An invitation from Helena Wagener and Jane Ball, to deepen the learning from Helena’s conference Brief Encounter “Working with Triggers”
My teenage daughter often tells me something is “triggering” and, in this way, the phrase seems to have moved beyond the therapy room and into everyday common usage. While its over-use by teenage girls may trivialise triggers and their impact, it also shows that a sophisticated neurological theory is easy to understand because we can recognise it in our own experience. The speed of response is one aspect of the trigger, it can happen so fast we don’t notice what happened, the other aspect of triggers is their intensity, with some responses being extreme and potentially damaging.
The impersonal fellowship generated in a Dialogue has a unique quality that can offer more space to process emotional responses than the interpersonal dynamic of other modes of engagement. However, a Dialogue also deepens engagement and exploration beyond everyday superficial discourse with sometimes unexpected consequences. Both participants and facilitators can be triggered as subjects that are usually undiscussable come to the surface, and ‘thoughts’ and ‘felts’ return.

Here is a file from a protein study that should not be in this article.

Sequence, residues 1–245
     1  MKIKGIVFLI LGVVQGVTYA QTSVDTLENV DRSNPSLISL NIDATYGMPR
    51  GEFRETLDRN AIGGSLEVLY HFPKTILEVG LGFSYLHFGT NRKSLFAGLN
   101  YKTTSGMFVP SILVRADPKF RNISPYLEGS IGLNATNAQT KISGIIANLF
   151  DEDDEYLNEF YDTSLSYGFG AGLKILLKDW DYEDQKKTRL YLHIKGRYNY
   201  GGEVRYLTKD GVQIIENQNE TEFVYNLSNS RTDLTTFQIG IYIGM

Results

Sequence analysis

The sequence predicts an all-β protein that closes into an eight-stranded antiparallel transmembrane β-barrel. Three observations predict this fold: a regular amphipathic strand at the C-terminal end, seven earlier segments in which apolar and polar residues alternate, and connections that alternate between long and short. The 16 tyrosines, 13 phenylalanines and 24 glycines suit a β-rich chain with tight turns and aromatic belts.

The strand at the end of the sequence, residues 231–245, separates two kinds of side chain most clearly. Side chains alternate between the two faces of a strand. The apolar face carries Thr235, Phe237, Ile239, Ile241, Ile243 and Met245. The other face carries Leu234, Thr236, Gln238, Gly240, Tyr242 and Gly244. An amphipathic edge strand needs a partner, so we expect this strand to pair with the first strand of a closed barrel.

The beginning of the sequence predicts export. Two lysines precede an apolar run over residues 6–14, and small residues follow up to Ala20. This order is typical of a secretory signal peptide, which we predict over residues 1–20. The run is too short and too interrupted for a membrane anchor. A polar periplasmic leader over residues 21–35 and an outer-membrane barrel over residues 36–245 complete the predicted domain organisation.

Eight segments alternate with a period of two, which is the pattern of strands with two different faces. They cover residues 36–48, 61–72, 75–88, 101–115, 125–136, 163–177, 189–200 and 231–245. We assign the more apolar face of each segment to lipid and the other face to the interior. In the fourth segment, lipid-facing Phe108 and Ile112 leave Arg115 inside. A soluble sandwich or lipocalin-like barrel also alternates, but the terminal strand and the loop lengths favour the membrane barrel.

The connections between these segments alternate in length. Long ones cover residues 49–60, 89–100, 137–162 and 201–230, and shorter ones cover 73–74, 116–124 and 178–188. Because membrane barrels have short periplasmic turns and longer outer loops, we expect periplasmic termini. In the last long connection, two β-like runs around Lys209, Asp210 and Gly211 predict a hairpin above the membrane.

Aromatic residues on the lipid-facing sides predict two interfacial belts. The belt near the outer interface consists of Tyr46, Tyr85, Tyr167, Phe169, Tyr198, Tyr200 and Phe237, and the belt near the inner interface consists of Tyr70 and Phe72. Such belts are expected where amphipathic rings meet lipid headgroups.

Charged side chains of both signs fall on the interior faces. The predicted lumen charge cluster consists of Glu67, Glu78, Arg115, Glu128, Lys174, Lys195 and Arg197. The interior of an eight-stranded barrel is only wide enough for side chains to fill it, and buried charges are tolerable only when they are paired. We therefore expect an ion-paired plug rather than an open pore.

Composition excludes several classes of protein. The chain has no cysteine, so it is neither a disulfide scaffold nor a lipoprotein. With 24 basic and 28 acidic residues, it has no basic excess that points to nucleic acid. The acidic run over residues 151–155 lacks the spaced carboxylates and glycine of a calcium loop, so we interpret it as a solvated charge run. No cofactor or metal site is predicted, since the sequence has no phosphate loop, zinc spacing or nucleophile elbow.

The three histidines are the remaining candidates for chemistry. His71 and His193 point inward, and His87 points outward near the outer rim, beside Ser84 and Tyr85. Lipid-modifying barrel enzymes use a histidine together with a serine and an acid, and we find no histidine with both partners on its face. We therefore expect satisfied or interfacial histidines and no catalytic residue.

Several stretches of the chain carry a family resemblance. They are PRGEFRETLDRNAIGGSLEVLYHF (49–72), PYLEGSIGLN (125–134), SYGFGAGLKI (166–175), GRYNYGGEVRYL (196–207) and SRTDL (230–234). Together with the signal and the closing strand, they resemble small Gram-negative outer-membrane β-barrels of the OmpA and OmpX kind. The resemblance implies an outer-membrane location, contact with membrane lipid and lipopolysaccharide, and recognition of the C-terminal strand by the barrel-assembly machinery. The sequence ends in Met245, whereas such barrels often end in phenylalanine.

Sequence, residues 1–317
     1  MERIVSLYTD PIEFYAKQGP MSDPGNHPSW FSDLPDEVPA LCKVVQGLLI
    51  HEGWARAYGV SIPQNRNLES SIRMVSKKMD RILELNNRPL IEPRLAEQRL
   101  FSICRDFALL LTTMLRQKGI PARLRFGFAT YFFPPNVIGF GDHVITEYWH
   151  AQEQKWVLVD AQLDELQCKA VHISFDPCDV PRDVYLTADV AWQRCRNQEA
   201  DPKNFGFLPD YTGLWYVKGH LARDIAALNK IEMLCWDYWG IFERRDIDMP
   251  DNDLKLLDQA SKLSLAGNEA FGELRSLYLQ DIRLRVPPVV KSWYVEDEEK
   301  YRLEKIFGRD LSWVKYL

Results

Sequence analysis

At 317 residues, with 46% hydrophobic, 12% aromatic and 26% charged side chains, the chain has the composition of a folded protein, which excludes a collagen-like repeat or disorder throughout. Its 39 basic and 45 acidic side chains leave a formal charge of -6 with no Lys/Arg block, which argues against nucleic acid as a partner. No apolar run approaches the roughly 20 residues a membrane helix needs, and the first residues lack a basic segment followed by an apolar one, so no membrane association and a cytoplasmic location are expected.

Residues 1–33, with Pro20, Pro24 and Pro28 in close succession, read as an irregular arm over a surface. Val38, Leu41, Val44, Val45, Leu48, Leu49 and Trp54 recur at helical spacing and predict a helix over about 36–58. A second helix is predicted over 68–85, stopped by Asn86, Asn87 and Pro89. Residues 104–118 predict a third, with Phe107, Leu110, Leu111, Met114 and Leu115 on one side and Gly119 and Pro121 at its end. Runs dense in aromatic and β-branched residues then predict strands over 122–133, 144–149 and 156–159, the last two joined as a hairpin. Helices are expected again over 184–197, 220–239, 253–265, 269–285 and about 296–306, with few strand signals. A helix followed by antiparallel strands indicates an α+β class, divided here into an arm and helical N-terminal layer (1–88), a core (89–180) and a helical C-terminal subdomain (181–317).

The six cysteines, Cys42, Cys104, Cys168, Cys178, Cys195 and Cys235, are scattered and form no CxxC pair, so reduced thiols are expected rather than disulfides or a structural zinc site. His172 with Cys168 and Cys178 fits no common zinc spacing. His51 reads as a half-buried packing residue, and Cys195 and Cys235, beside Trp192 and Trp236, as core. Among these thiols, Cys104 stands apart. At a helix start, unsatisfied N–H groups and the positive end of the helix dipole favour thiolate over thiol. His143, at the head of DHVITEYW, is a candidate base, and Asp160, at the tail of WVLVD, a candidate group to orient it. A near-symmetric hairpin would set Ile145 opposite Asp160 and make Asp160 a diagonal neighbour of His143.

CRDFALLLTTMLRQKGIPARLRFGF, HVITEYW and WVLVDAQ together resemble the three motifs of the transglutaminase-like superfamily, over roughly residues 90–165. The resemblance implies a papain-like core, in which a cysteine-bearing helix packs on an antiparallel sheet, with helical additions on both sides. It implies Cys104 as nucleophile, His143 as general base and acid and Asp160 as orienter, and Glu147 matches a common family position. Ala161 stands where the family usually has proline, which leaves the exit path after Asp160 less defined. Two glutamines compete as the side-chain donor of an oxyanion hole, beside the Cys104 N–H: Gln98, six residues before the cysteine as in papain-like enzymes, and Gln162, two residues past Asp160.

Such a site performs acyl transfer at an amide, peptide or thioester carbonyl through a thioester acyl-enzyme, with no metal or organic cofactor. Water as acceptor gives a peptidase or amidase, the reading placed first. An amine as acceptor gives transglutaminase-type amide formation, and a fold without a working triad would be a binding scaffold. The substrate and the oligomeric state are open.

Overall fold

How do you respond when this happens?
During this session, Helena will introduce an exercise that will both evoke the experience of being triggered, and introduce a self-managed response. I will draw on my experiences as a practitioner as we go on to explore the relevance to our own work in an open Dialogue.
This Generative Dialogue will be especially valuable for practitioners working in organisations and communities where people have suffered trauma and might be re-traumatised by their own trigger responses or the trigger responses of others. As we are all affected by triggers it is relevant to anyone who is looking to explore their own vulnerability and awareness, and how it contributes to a dialogic process.